An Unlikely Partnership
American filmmaker Jason Cohen’s documentary is the story of the unlikely partnership between former neo Nazi Tim Zaal and Matthew Boger, who Zaal and his friends had badly beaten when the teenaged Boger was living on the streets of Hollywood. Because Boger was gay, he had been thrown out of his family by his religious mother. Now in their 40s, they have made an accidental re-meeting and their horrific past connection into a lesson for others about the possibility of forgiveness, and a warning about how difficult it can be to escape one’s past. As these men tell their painful stories, it is chilling, powerful and profound.
“Facing Fear” is also exploitative, but it’s a knowing and aware exploitation in a sense of the word that’s neutral in terms of value: Matthew Boger and Tim Zaal know that they have a story that may change people’s lives for the better. In the early 1980s, Zaal was a neo-Nazi punk who nearly beat Boger to death, only to meet twenty-odd years later while both worked in the Museum of Tolerance in Los Angeles and they exploit it. Cohen interviews the pair separately and showing the joint talks they give at museum and he also integrates other material.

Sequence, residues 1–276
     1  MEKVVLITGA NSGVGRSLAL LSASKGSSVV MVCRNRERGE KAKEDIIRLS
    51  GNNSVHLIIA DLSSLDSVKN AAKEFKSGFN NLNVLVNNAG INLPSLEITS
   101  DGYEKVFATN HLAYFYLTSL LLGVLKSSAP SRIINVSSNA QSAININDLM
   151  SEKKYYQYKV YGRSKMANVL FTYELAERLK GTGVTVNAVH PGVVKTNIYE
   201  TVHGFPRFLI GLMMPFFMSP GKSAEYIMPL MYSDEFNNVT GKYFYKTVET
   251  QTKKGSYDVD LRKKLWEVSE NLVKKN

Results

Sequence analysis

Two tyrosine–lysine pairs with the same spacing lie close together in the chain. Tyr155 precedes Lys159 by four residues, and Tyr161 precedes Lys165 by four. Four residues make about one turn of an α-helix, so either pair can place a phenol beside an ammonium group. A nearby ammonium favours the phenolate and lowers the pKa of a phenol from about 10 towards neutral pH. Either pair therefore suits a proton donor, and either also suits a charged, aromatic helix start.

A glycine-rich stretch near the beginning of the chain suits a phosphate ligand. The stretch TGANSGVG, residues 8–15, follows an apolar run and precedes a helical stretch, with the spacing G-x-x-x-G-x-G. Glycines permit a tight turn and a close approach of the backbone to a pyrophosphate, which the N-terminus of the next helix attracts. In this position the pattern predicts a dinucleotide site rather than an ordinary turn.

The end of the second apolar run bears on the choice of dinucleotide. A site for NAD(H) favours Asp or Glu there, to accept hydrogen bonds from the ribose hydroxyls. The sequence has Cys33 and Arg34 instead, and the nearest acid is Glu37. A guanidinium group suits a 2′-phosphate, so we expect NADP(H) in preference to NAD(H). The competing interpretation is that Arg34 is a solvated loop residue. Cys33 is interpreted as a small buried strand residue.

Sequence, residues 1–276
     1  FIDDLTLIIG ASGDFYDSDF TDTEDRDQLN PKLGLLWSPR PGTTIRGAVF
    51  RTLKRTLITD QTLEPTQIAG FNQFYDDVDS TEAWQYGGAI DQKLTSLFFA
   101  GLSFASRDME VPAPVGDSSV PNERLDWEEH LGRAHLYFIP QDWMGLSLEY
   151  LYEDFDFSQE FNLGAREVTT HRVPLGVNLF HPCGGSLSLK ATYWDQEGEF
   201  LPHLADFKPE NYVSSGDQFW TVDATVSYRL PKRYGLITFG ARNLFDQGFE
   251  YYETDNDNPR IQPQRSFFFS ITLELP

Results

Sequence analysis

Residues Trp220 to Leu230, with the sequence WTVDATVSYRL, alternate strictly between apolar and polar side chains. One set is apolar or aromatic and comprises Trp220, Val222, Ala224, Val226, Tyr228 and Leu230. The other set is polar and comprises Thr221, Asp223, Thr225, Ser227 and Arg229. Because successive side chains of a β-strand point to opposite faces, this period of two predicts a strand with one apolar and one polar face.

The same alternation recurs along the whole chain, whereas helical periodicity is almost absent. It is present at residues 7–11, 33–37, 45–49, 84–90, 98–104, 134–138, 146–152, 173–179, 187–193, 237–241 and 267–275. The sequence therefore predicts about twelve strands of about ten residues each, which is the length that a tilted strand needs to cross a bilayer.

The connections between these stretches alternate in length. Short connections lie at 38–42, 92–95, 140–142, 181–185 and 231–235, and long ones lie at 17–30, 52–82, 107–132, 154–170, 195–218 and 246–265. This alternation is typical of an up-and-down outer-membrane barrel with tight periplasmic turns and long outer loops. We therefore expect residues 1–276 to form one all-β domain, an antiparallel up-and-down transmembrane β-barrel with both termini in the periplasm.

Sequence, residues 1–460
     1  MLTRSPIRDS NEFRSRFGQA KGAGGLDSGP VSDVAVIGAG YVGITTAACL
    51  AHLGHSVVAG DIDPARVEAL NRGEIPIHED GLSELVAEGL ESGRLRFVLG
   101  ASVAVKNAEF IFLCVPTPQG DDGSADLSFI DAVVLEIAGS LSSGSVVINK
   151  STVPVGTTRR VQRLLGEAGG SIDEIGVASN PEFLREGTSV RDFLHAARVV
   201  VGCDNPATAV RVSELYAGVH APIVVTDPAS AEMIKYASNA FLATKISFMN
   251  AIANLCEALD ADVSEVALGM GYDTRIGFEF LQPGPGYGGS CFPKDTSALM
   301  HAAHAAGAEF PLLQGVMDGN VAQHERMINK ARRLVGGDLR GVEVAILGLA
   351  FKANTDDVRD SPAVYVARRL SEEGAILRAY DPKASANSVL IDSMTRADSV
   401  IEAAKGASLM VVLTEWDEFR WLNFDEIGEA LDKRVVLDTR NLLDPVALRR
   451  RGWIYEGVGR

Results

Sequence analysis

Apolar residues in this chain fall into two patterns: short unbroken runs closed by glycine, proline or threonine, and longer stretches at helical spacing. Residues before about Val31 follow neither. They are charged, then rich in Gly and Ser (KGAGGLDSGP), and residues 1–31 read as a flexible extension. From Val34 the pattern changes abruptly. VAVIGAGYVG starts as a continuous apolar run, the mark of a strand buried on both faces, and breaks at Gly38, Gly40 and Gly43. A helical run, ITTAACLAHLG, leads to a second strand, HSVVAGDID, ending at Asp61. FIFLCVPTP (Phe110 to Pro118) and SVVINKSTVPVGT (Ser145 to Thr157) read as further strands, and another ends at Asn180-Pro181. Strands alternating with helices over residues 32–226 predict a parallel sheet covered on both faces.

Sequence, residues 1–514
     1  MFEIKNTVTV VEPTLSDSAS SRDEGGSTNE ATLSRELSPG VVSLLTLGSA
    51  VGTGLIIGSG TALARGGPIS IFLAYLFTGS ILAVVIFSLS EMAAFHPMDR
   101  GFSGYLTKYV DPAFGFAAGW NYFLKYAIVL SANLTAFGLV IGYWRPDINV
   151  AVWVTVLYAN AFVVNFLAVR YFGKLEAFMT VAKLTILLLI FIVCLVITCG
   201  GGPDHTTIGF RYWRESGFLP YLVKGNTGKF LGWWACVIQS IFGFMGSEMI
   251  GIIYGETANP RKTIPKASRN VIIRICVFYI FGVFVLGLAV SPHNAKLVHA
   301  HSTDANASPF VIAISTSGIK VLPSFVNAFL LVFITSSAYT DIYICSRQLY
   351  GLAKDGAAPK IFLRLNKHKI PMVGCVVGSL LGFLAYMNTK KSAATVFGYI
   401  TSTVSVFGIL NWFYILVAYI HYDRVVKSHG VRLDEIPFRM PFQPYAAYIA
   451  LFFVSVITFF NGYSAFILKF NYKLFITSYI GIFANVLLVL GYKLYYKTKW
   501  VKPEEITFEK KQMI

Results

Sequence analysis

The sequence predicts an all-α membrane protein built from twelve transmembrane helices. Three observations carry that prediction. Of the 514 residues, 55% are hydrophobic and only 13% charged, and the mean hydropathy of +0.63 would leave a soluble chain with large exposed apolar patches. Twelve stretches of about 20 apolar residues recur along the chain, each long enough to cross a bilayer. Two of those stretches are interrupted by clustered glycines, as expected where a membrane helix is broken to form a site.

It’s a great story. Boger and Zaal are both engaging people, and Cohen balances the short film .However, we never really absorb the details of his story, and Cohen’s decision to shoot the two separately (for the most part) means that there are mixed messages about what sort of friendship they have now.
While this is an inspiring story, to be sure, it’s held back by a “very special episode” sensibility. The movie always makes it absolutely clear how the viewer is supposed to feel, no matter how strong the material is on its own.
Thiscould have been an interesting exploration on the power of forgiveness but the two men’s interview segments seem overly rehearsed.